History of Auglaize County
Michikinagwa, or Little Turtle, was the son of a Miami chief and Mohican woman. As the Indian custom gives to offspring the condition of the mother, he had to earn whatever rank he might attain. His extraordinary talents secured him rank at an early age, and his first services were those of a warrior. His history is closely interwoven with that of the expeditions of Gen. Harmar, who was defeated by the braves of the Turtle, and that of St. Clair in his expedition against the Miami Valleys in December, 1791. The Turtle was chief commander of the Wyandots, Shawnees, Delawares, and Senecas in that memorable engagement in which St. Clair was compelled to retreat upon Ft. Jefferson in carnage and disaster. This slaughter is said to have but one parallel, which is the defeat of Braddock. The subsequent victory of Gen. Scott served only to exasperate the Turtle and his followers. Again he was brought to face Gen. Wayne ("the Black Snake") when he marched against Presque Isle in 1792. During the night preceding this battle some of the chiefs favored attacking Wayne that night, but it was at length determined to wait until the next day, and then attack Presque Isle. This proposition was favored by Blue Jacket, but opposed by the Turtle. The latter even felt the hopelessness of the cause, and was inclined to peace. He urged: "We have beaten the enemy twice under separate commanders, and cannot expect the same continued good fortune. The Americans are now led by a chief who never sleeps. The day and night are alike to him, and during all his marches upon our villages, notwithstanding the watchfulness of our young men, we have been utterly unable to surprise him. Think well of this; there is something whispers to me, it will be prudent to listen to offers of peace." Charged with cowardice by other chiefs, he took his position in battle, but the success of Wayne only confirmed the wisdom of his position. After the conclusion of peace he settled about twenty miles from Ft. Wayne on Eel River, where the government erected him a comfortable house. He visited Washington and Philadelphia on several occasions. Although he would not attend the councils of 1802 and 1803, yet he was chosen one of four referees by the chiefs of the other tribes, the duty of these four being "to finally settle and adjust a treaty" with the agents of the United States. The Turtle was the head of this commission. He had many opposers all along among the chiefs, which would, perhaps, explain his sometimes vacillating conduct, as he had to sacrifice his own judgment at times to palliate an opposing majority, and thus sustain his position. He even opposed Tecumseh and the Prophet in all their designs, which probably accounted in a measure for their tardiness of preparation. Of his character it may be said he looked with horror upon intemperance and human sacrifice. Brave as the bravest, he could not look upon the torture of any, and so gave his great influence against the crime. Whether his motives were of a pure or sinister character, it is certain he condemned the intemperance of his people, and took active measures against the wrong. While in the east he was a keen observer of the manners of civilized life and the working of our institutions, making inquiries pertaining to everything which came under his observation. During his visit to Philadelphia in 1797 he met and became personally acquainted with Kosciusco, in whose story of the great crime against Poland he was interested to deep emotion. On his return he visited Capt. Harrison (Governor), and made further inquiries concerning the great European murder of human rights. When the Capt. gave him a description of the last defeat of Kosciusko, he rose and pacing the floor, exclaimed in agitation: "Let that woman (the Empress of Russia) take care; this may yet be a dangerous man" (Kosciusko). During this visit he also became acquainted with the renowned French philosopher, C. F. Volney, who took great interest in the savage, as the author was then preparing his "Travels in America." The Turtle had just communicated with Gov. Harrison touching the approaching war of 1812, and announced his sympathy for the American cause, when he died at Ft. Wayne, July 14, 1812, and was buried by the commander with the honors of war.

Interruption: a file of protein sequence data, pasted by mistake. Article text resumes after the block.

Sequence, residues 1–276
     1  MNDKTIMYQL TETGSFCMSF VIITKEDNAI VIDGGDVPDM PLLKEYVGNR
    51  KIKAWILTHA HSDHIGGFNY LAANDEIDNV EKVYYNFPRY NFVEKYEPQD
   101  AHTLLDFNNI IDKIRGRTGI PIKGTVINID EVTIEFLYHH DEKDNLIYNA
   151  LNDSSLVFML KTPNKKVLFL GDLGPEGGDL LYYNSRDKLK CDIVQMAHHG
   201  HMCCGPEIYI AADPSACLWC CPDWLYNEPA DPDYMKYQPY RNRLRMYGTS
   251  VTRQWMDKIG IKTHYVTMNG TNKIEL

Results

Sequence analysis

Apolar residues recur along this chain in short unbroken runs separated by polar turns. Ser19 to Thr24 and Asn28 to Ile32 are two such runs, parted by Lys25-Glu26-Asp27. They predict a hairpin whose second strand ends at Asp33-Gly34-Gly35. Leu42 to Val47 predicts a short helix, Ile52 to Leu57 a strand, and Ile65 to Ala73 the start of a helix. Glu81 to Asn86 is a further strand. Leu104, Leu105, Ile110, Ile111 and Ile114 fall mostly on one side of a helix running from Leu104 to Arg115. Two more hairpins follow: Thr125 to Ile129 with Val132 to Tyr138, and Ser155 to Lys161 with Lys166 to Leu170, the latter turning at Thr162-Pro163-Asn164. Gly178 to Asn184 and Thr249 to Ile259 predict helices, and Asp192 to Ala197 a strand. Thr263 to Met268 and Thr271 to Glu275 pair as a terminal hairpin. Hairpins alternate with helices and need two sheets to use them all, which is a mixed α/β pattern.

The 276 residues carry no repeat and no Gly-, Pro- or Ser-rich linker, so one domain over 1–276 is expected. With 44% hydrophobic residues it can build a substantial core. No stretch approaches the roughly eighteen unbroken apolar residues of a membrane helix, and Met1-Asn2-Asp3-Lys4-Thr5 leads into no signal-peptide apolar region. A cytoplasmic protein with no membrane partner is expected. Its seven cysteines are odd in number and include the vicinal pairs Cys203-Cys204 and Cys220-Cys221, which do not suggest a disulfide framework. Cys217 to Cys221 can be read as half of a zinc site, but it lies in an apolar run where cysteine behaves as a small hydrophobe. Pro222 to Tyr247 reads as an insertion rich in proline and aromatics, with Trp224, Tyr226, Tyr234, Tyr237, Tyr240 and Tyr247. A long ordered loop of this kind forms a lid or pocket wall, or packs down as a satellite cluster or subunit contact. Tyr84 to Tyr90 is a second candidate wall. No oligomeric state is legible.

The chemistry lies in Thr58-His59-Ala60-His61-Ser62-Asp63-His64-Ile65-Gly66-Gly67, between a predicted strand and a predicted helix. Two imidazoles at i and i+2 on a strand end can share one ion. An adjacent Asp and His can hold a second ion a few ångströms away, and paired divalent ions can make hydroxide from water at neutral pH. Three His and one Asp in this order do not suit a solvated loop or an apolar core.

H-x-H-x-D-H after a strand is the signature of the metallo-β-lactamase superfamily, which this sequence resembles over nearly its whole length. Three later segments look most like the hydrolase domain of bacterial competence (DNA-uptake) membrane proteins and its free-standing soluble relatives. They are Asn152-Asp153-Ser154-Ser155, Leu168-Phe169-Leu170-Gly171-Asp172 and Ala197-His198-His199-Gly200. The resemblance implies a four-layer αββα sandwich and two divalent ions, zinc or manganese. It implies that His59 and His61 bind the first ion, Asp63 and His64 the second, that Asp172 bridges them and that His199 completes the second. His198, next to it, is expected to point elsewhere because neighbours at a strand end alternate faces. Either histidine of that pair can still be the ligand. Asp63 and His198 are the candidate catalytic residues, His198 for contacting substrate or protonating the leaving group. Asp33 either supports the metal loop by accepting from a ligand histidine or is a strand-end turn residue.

From "History of Auglaize County, Ohio, with the Indian History of Wapakoneta, and the First Settlement of the County", Robert Sutton, Publishers, Wapakoneta, 1880